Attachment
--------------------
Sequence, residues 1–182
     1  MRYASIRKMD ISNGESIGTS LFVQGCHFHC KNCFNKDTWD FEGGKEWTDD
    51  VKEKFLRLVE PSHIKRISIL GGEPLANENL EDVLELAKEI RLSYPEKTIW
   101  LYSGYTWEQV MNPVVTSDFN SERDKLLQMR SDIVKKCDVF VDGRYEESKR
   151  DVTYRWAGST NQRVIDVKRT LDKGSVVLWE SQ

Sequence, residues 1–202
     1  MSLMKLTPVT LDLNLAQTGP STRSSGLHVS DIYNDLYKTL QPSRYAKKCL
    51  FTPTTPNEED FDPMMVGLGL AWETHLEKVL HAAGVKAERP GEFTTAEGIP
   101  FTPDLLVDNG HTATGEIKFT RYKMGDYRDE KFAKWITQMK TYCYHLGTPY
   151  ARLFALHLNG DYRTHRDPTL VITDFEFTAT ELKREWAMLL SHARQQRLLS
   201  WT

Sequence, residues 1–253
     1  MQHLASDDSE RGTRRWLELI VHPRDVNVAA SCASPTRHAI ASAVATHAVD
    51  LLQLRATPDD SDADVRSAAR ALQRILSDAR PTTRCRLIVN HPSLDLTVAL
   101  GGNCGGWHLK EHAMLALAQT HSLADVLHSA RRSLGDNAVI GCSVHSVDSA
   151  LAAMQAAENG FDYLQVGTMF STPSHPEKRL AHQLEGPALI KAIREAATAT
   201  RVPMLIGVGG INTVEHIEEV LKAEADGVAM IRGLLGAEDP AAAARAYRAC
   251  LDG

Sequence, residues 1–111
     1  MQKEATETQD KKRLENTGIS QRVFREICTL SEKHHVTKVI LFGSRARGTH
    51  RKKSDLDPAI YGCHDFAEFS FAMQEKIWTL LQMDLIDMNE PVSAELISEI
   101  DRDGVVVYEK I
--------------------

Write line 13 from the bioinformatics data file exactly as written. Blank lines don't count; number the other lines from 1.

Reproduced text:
     1  MQHLASDDSE RGTRRWLELI VHPRDVNVAA SCASPTRHAI ASAVATHAVD